News / USA

US to Give One-Half Billion Dollars for Pakistan Flood Assistance

Flood survivors carry bags of wheat flour in the village Khairpur Nathan Shah, Pakistan (file photo)
Flood survivors carry bags of wheat flour in the village Khairpur Nathan Shah, Pakistan (file photo)

The United States has announced it will provide $500-million in additional financial aid to Pakistan to help rebuild the country after devastating floods led to the worst natural disaster in the nation's history.

The U.S. Representative for Afghanistan and Pakistan, Richard Holbrooke, announced the United States will "fast track" another one-half billion dollars to help the millions of Pakistanis affected by the floods.

"Now is the time to accelerate the rebuilding effort so families can put a permanent roof back over their heads, replace the livestock that has been lost, rebuild their agricultural base, send their children back to school and return to a normal life," said Holbrooke.

The flooding began with monsoon rains in late July and spread over a large portion of the country, initially displacing 20-million people.

The additional aid is being drawn from a $7.5 billion multiyear package of U.S. civilian assistance to Pakistan.

The money is in addition to $500-million the U.S. has already contributed to help Islamabad deal with the impact of the disaster.

Ambassador Holbrooke says transparency regarding how the money is spent will be essential if Pakistan is going to have continued support.

"To continue support at these very high levels we will need to be able to show to the American people, to the American taxpayers, who pay a far higher percentage of their income in taxes than is the case here, that the money reaches those who need it most and that Pakistanis, especially those in the wealthier sector of your economy, pay their fair share in taxes."

Ambassador Holbrooke's remarks were made to the Pakistan Development Forum, a meeting designed to give the government in Islamabad an opportunity to discuss flood reconstruction and other economic issues with international donors.

The Pakistani government has developed a fund to make financial payments directly to those affected by the floods.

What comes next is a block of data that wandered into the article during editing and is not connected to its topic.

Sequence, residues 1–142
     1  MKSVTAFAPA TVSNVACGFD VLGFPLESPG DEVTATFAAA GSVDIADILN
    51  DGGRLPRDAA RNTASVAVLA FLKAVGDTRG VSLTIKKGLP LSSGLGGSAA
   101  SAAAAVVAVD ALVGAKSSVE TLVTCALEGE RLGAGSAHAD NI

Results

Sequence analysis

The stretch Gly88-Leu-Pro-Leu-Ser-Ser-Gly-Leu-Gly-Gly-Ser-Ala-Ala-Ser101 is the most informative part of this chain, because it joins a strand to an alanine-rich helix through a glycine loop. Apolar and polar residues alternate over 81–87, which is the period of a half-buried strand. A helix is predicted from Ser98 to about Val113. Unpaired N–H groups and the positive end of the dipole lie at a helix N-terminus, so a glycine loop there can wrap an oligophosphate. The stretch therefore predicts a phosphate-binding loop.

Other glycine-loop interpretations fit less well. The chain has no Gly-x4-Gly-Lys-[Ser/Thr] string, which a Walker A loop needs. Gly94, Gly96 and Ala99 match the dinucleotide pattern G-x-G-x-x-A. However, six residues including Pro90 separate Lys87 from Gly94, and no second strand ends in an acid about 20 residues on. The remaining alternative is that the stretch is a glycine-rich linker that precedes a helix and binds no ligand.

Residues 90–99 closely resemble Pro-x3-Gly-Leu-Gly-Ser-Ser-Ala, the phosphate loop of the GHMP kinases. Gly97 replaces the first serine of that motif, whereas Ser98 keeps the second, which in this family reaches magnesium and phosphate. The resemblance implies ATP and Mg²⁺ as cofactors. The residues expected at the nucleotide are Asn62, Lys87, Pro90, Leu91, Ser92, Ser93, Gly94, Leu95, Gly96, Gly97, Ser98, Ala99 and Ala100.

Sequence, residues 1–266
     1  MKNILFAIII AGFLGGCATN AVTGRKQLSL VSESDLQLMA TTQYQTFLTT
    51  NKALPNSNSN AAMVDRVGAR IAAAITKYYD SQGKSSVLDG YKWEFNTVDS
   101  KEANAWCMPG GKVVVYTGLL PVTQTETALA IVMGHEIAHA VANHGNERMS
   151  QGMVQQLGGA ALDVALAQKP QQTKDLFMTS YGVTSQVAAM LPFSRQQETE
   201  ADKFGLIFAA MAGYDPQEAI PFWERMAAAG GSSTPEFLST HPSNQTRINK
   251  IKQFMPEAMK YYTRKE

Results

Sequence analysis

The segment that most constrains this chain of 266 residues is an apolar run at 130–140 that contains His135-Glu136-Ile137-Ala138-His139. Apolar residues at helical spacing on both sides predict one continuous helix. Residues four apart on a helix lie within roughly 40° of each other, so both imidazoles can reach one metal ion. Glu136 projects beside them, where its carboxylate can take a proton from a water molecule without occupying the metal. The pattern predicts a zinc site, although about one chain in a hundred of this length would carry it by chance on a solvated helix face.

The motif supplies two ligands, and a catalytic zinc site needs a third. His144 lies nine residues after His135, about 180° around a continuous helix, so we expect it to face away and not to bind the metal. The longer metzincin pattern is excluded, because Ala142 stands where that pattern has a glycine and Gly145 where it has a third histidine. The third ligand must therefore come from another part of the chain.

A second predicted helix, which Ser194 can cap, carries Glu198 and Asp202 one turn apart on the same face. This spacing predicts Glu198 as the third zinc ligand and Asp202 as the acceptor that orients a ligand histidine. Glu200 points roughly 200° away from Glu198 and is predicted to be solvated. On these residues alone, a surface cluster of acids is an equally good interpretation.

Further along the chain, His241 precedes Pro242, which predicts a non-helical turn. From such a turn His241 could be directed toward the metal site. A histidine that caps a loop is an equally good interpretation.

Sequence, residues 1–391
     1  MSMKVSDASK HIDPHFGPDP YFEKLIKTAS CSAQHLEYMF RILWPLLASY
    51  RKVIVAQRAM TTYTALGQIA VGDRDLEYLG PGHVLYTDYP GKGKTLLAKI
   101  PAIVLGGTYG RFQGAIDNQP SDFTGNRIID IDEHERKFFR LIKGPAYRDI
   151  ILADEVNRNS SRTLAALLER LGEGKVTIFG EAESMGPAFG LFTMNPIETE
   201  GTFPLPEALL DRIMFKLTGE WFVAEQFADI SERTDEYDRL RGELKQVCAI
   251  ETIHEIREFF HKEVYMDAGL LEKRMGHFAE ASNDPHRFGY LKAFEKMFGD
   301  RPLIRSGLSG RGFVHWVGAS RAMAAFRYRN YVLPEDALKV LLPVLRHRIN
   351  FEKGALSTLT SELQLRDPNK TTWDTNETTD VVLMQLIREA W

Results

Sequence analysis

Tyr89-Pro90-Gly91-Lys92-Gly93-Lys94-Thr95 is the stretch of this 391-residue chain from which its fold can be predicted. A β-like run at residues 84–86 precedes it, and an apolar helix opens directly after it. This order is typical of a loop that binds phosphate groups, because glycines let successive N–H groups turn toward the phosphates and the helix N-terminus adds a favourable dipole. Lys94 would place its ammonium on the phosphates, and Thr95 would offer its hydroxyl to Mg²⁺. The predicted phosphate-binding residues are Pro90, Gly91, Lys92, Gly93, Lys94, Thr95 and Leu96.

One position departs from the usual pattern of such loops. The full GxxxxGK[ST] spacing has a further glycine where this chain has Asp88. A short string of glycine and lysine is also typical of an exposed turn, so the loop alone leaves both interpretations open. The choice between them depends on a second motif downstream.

Addressing the same forum, Pakistan Prime Minister Yousuf Raza Gilani said the flood damage is so massive it will take billions of dollars to rebuild.

"Pakistan has been able to meet the immediate challenges posed by the floods and by terrorism, yet there are long-term challenges that are daunting.  Flood reconstruction will require billions in investment."

Mr. Gilani urged the donors to give the Pakistani government more time to carry out structural reforms, asking them to consider it a "work in progress."

Prime Minister Gilani was straightforward when discussing the challenges facing his government.

"In many ways Pakistan is similar to most developing countries.  Like others we have problems of governance.  Like many we have issues of transparency and corruption and we do not invest enough in our social sectors, but these are the common challenges in developing and many developed countries," said Gilani.

The World Bank and Asian Development Bank estimate damage from the flooding is about $9.7-billion.

Pakistani officials say it will take another $30-billion to reconstruct the nation's infrastructure and rehabilitate those areas affected by the disaster.  

You May Like

Video VOA Reporter Tours Devastated Peshawar School

Islamist militants wearing military uniforms and strapped with explosives attacked a military run school Tuesday in the northwestern Pakistani city of Peshawar. At least 141 people were killed in the horrific attack, most of them young students. More

Video Sudan School Becomes Target of Aerial Attacks